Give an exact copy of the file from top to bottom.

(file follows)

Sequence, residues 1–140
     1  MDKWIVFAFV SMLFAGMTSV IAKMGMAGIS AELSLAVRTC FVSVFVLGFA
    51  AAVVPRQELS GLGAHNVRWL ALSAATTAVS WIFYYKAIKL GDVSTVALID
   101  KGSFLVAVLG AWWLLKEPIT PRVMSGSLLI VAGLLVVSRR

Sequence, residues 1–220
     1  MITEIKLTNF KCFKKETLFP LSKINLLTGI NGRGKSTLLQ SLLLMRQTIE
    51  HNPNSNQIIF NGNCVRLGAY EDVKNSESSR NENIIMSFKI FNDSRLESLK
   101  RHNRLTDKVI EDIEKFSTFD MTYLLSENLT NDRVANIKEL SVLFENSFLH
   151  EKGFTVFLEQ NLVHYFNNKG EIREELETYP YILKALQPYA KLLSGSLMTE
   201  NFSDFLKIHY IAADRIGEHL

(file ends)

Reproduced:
Sequence, residues 1–140
     1  MDKWIVFAFV SMLFAGMTSV IAKMGMAGIS AELSLAVRTC FVSVFVLGFA
    51  AAVVPRQELS GLGAHNVRWL ALSAATTAVS WIFYYKAIKL GDVSTVALID
   101  KGSFLVAVLG AWWLLKEPIT PRVMSGSLLI VAGLLVVSRR

Sequence, residues 1–220
     1  MITEIKLTNF KCFKKETLFP LSKINLLTGI NGRGKSTLLQ SLLLMRQTIE
    51  HNPNSNQIIF NGNCVRLGAY EDVKNSESSR NENIIMSFKI FNDSRLESLK
   101  RHNRLTDKVI EDIEKFSTFD MTYLLSENLT NDRVANIKEL SVLFENSFLH
   151  EKGFTVFLEQ NLVHYFNNKG EIREELETYP YILKALQPYA KLLSGSLMTE
   201  NFSDFLKIHY IAADRIGEHL